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Alcohol In Skin Care – Everything You Need To Know

Medically reviewed by Dr. Kendall R. Roehl, MD, FACS
by
Alcohol In Skin Care – Everything You Need To Know February 15, 2019

Alcohol is probably the most misunderstood ingredient in the beauty world. If it could speak, it would have probably screamed like a cranky teen, “Why don’t you get me?” Yes, alcohol makes the skin feel dry and tight, and that’s why most of us end up banishing it from our beauty routines. But, not all types of alcohol turn into a nightmare for your skin. Some love your skin as much as you do! Let’s clarify and clear the confusion.

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Is Alcohol Good Or Bad For Your Skin?

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The answer is: it is a double-edged sword! Our skin shares a bittersweet relationship with alcohol. Alcohol is undoubtedly an irritant, but that doesn’t mean all categories of alcohol are bad for your skin. Also, whether alcohol is good or bad for your skin depends a lot on your skin type.

Alcohol is an organic compound that has been used in medication, beverages, and solvents for ages. It is known for its antiseptic and antibacterial properties. The preservative and solvent properties of alcohol have made the skin care industry embrace it.

Alcohol shows up in almost all skin care products – from moisturizers and body lotions to toners and cleansers. Most of us have, at some point in time, used an alcohol-based product and realized that it is not meant for our skin. It leaves the skin dry, irritated, and tight. Not to mention the acne flare-ups! Alcohol also strips your skin of its natural oils, which makes your skin sensitive and causes dehydration.

Hence, you need to know which alcohol to avoid and which one to use to protect your skin from damage. We have discussed that in the later part of the article, but before we get there, let’s find out what role alcohol plays in skin care.

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What Is Alcohol’s Function In Skin Care? Why Is It Used?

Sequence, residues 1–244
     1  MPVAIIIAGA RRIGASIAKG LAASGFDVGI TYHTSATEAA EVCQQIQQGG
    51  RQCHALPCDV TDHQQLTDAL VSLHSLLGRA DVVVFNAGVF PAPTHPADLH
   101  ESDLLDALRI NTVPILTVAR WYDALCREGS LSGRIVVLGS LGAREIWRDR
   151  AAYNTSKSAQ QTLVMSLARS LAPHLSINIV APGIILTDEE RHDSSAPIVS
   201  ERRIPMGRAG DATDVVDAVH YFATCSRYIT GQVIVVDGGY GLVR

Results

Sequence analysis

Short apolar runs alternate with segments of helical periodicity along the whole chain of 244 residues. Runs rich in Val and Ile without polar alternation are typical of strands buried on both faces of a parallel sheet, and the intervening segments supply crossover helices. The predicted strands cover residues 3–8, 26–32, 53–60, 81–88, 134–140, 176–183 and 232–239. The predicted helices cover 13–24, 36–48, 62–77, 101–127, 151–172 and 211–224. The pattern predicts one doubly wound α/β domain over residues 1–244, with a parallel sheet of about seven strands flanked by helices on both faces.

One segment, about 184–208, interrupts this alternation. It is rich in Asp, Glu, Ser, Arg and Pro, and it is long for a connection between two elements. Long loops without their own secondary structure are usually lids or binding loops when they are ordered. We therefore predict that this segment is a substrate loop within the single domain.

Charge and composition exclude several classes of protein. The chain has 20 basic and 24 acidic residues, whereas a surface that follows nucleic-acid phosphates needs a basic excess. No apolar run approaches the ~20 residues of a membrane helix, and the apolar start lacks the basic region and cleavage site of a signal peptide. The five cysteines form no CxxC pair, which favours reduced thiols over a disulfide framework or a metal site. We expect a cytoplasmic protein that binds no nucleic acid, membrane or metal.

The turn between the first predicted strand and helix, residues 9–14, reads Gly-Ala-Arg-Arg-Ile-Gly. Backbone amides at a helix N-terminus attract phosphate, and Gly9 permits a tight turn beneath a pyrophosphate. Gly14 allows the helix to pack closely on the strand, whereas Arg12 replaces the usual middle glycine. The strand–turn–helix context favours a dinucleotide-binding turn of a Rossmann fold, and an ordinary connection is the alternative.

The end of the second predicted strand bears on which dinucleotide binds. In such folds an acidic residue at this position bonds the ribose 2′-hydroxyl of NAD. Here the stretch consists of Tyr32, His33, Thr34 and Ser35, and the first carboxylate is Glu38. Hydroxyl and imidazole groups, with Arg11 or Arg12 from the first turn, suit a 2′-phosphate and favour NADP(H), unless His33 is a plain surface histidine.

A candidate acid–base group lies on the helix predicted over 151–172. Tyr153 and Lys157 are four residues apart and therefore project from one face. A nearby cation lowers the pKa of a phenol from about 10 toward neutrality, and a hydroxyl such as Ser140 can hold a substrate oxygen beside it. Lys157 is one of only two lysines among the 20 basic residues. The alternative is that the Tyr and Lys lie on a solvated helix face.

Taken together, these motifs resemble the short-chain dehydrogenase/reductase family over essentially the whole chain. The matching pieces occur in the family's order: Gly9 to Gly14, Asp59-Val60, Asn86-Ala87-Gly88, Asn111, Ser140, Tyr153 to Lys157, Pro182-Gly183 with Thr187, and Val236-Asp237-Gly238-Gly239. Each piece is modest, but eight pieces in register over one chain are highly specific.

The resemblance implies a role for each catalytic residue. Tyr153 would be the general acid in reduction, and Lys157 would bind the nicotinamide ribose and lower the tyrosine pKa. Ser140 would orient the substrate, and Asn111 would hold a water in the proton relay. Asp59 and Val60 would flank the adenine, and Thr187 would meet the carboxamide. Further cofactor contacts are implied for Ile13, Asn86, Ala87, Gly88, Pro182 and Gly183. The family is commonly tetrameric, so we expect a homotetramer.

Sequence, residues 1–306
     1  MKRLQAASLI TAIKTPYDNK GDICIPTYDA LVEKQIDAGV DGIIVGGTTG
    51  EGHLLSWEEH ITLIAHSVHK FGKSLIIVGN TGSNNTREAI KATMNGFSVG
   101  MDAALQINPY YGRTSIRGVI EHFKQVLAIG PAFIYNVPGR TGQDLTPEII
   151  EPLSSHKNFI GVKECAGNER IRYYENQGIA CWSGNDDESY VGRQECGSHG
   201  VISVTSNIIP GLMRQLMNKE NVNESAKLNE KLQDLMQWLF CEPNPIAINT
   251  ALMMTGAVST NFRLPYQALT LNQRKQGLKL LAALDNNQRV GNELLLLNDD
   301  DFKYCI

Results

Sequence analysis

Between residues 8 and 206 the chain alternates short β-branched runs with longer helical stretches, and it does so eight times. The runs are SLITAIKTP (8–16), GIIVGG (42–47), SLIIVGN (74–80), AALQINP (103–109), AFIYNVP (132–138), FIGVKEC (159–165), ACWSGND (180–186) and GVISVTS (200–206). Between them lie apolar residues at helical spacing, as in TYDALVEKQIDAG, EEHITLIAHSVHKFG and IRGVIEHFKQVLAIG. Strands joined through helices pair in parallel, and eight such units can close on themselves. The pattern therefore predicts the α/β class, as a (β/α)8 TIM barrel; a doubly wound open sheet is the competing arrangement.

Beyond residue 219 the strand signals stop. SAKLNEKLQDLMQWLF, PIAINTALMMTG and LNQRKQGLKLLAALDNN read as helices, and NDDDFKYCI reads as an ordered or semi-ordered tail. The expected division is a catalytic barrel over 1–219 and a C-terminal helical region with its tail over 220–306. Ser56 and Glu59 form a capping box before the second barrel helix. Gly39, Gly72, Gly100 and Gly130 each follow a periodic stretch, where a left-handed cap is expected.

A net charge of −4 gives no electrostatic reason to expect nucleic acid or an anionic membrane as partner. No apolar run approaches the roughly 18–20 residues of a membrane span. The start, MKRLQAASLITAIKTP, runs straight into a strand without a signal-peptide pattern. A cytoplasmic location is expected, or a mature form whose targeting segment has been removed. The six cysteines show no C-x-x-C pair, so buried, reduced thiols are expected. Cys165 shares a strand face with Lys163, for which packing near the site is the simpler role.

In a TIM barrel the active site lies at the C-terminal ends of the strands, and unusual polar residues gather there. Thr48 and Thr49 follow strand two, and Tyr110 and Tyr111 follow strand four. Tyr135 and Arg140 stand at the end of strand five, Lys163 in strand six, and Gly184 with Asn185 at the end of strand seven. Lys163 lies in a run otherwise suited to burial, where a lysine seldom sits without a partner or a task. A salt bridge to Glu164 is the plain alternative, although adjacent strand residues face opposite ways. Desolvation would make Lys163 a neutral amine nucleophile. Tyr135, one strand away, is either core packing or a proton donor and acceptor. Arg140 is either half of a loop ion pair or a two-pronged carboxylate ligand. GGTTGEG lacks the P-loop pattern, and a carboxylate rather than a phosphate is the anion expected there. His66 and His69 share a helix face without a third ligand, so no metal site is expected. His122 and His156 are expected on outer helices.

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If alcohol is that bad, why do all skin care brands use it in their products? There must be some reason, right? Yes, there are reasons for its presence in your lotions and creams.

First, alcohol can make a very thick skincare product (like a moisturizing body lotion) feel almost weightless on your skin.

Second, alcohol helps other skin care ingredients (such as vitamin C and retinol) sink deep into your skin.

But, remember, it breaks down your skin barrier to help it absorb other ingredients better. Your skin barrier is what keeps your skin healthy, and when it’s damaged, your skin becomes sensitive and irritated.

Alcohol also acts as

  • a solvent (helps to mix other ingredients in the product)
  • an antiseptic (kills bacteria)
  • an emulsifier (helps blend two different substances)
  • a preservative (minimizes spoilage and preserves the cosmetic product)
  • a fragrance fixative
  • a buffer (to balance your skin’s pH level)
  • a stabilizer (prevents unwanted reactions)
  • an astringent (in toners and cleansers to shrink pores and tighten your skin)

These are the reasons manufacturers use alcohol in skin care products.

Are you still skeptical? Before jumping to any conclusion, find out which alcohol hurts your skin and which doesn’t.

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Types Of Alcohol Used In Skin Care

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There are three types of alcohol used in skin care products:

  1. Simple alcohols